(Interdisciplinary Dynamics in Emerging Areas of Science)

In this project, I am working with Ryan Light (University of Oregon) to examine the characteristics of emerging research fields that are fundamentally interdisciplinary in nature. We draw on published research to examine the structures of coauthorship, citation and semantic networks to identify patterns of cohesion and fragmentation within these fields. In combination, these networks allow us to identify patterns that contribute to (or inhibit) important scientific discoveries. Currently, this project has several inter-related aims.

  • Formalize the theoretical linkage between interdisciplinary processes and boundary construction/maintenance within those fields.

  • Describe the specific trajectories for a sample of problem-based fields that involve researchers from a variety of disciplines, as a way to fill out how that theoretical model operates in practice.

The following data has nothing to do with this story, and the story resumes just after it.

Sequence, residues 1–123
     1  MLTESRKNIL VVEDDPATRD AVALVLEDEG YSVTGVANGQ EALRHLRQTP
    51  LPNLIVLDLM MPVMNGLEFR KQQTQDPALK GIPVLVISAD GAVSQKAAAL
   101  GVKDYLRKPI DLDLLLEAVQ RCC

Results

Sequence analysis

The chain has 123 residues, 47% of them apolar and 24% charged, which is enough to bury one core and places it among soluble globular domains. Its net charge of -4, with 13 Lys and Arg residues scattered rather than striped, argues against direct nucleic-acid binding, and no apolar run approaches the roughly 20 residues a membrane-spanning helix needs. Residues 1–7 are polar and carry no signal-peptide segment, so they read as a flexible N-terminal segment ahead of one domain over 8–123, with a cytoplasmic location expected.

• Draw on that theoretical model to identify how actualized trajectories are selections from those possible routes as a more principled way to evaluate "successful" field-level integration.

This project started with a number of publications describing changes in the field of HIV/AIDS research over its first 20 years. Now, building on the methods developed in that case, and the theoretical framework it helped to spawn, we are also furthering the empirical scope of the project to include cases from demography, environmental studies/sciences, religion, population health, and patient navigators. This is evolving into a book project that we aim to have a completed draft of sometime in 2021, the beginnings of that argument are sketched out in this paper.

Early stages of this project were supported by a seed grant from the Robert Wood Johnson Foundation's Health and Society Scholars Program at Columbia University.

Related Publications: